Results 1 to 9 of 9
  1. #1
    Join Date
    Feb 2004
    Location
    Midwest
    Posts
    9,932
    Had a call for poor performance (wouldn't get the house below 80F) on a 100F day.

    Here sits this 1967 Luxaire CAC252 condensing unit. Not sure how many of you have had the pleasure to work on one of these, but it's wedge shaped like a doorstop. The whole slanted top with the cond. fan in it is hinged and opens up.

    It's running non-stop and the pressures are 94 & 477. It's got the original Tecumseh compressor and it ain't takin a break for nuthin. The condenser was clean on the outside, but was totally plugged up inside it. I spent an hour slowly going down every pass several times with a jet nozzle before stuff quit coming out.

    The pressures came down to 295 & 74 and the compressor sounded like it was brand new.


  2. #2
    Join Date
    Mar 2005
    Location
    burlington county n.j.
    Posts
    9,699
    replaced one of them last month with a package unit. we have whole sections of a town around here built with them, badged with westinghouse nameplates. still quite a few around. people are so proud its still runnin till you tell them if it died 10 yrs ago the new one would have paid for itself already.

  3. #3
    Join Date
    Apr 2003
    Posts
    6,383
    1965 Friedrich unit that finally bit the dust this year with a bad compressor.

    Absolutely everything looked to be original.



    Check out this High Efficiency label. LOL



  4. #4
    Join Date
    Oct 2004
    Location
    Texas
    Posts
    1,172
    "High efficiency"? In 1965?. You mean there were units less efficient than THAT one.
    Saddle Up!

  5. #5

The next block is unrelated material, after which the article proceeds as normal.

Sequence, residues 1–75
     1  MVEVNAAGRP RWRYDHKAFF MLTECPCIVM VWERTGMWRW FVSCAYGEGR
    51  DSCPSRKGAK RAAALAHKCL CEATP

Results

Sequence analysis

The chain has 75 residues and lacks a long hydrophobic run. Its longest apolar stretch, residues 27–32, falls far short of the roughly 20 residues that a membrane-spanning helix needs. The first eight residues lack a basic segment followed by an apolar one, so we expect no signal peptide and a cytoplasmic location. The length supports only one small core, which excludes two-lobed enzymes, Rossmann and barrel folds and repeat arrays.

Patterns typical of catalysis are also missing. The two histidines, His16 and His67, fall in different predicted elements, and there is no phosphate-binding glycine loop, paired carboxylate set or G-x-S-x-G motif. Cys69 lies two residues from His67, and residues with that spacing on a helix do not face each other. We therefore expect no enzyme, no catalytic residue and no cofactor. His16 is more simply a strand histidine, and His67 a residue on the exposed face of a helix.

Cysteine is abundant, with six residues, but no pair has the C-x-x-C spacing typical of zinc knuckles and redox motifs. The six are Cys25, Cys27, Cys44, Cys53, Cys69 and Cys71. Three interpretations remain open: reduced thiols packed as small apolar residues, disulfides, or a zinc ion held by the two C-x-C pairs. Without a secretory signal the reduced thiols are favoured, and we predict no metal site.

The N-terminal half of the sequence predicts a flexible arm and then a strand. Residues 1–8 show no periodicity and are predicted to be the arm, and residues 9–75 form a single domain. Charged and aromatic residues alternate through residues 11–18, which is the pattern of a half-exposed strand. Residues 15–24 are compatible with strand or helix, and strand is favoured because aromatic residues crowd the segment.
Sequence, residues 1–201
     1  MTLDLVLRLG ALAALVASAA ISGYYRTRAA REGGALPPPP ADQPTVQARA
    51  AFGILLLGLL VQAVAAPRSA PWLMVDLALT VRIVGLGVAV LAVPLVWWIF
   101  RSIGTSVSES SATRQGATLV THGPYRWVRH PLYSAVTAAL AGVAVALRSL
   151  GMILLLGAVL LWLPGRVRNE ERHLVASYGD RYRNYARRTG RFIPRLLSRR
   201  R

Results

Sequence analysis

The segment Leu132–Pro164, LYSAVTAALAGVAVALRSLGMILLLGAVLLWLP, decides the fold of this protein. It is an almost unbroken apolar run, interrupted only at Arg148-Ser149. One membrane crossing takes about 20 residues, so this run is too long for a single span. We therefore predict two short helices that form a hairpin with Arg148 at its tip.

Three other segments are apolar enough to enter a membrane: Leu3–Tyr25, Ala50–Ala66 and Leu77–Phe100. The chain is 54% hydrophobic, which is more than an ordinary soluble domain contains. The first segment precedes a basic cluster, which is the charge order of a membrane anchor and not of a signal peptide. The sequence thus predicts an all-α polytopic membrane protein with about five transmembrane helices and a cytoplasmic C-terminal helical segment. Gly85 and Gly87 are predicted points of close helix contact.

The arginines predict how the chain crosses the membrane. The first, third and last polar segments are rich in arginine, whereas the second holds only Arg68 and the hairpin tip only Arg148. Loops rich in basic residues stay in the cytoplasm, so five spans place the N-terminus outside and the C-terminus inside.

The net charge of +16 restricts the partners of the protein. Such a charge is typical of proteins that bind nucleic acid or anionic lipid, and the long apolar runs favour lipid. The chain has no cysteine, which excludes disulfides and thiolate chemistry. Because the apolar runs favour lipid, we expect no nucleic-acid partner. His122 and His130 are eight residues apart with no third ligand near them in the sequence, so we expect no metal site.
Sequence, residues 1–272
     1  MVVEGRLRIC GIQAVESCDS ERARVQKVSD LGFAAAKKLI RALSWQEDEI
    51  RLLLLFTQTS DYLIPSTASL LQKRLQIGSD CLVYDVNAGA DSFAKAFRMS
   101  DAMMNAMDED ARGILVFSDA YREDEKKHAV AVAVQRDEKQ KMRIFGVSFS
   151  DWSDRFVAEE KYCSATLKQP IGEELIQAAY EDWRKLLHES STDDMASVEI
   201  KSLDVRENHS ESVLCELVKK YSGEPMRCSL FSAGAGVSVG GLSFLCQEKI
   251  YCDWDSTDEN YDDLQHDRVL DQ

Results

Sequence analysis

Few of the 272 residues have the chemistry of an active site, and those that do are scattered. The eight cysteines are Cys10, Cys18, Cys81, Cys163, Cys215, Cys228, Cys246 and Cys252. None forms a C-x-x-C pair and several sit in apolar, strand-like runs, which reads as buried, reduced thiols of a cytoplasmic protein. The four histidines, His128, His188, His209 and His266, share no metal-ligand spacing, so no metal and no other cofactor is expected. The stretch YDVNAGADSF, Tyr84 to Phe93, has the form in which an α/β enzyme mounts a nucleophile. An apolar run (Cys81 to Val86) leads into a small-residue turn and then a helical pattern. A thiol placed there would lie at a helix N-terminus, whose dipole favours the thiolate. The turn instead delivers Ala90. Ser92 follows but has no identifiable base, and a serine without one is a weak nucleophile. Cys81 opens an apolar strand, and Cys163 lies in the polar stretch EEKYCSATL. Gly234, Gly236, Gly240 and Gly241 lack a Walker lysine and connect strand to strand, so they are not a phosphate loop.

Join Date
    Feb 2001
    Posts
    35,838
    The old stuff was the best, new units are junky compared to them.
    Hey cockroach, don't bug me!

    www.AskTheDiceman.com

    www.TheColdConspiracy.com

    www.Pennwood-HVAC.Com

    Bring Em Home....

  6. #6
    Join Date
    Apr 2001
    Location
    Camel City, NC
    Posts
    6,232
    Those Luxaire fan motors weren't cheap. Made by electric motor specialists I think. 1 bolt mount and put the blades on the new motor.
    Be safe not fast. body parts don't grow back

  7. #7
    Join Date
    Dec 2001
    Location
    Chicago, N/W burbs
    Posts
    8,004
    Got my knuckle split open on one of those wedge units trying to lift up the fan deck and remove my gauges while the fan was running. I did then and still do use a core depressor on the high side to dump liquid into the low side, so the gauges must be removed while the unit is running. Shop made me take 3 days off with no pay for that stunt. Pissed me off, buy taught me a lesson....kinda.
    R2B4BTU

  8. #8
    Join Date
    Dec 2005
    Location
    At work
    Posts
    2,441
    Originally posted by selfemployed
    Those Luxaire fan motors weren't cheap. Made by electric motor specialists I think. 1 bolt mount and put the blades on the new motor.
    I trashed one of those motors about a year ago (got it off a unit w/ a bad comp some time ago)while doing inventory.
    Luke 6:31

  9. #9
    Join Date
    Dec 2001
    Location
    Chicago, N/W burbs
    Posts
    8,004
    Originally posted by selfemployed
    Those Luxaire fan motors weren't cheap. Made by electric motor specialists I think. 1 bolt mount and put the blades on the new motor.
    Sounds like the old Bryant unit heater motors.
    R2B4BTU

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